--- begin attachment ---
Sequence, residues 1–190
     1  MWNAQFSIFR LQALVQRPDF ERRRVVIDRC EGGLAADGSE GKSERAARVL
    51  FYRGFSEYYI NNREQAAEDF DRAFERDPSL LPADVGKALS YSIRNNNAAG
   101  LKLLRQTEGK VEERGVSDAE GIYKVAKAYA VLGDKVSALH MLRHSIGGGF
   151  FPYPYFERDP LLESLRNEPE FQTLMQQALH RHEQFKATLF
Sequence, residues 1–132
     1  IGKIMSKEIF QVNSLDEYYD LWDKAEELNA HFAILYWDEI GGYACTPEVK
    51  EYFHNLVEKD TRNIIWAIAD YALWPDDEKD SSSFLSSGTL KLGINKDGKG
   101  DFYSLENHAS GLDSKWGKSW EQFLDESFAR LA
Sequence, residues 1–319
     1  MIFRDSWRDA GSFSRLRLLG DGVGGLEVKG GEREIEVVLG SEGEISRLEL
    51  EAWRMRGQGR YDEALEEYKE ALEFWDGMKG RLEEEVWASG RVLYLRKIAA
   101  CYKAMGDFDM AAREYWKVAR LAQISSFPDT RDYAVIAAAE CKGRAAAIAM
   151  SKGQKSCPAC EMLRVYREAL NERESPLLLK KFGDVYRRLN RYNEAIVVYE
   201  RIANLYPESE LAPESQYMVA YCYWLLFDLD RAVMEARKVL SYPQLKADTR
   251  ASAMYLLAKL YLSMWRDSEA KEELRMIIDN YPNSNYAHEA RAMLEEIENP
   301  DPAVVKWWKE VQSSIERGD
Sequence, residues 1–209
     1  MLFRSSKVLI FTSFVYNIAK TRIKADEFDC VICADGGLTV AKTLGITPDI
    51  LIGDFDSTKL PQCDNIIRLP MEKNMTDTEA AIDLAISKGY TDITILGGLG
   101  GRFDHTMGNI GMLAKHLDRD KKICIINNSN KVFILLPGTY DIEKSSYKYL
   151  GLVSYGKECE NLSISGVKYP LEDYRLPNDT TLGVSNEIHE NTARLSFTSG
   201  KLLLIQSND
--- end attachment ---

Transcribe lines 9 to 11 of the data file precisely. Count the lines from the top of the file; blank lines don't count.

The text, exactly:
   101  DFYSLENHAS GLDSKWGKSW EQFLDESFAR LA
Sequence, residues 1–319
     1  MIFRDSWRDA GSFSRLRLLG DGVGGLEVKG GEREIEVVLG SEGEISRLEL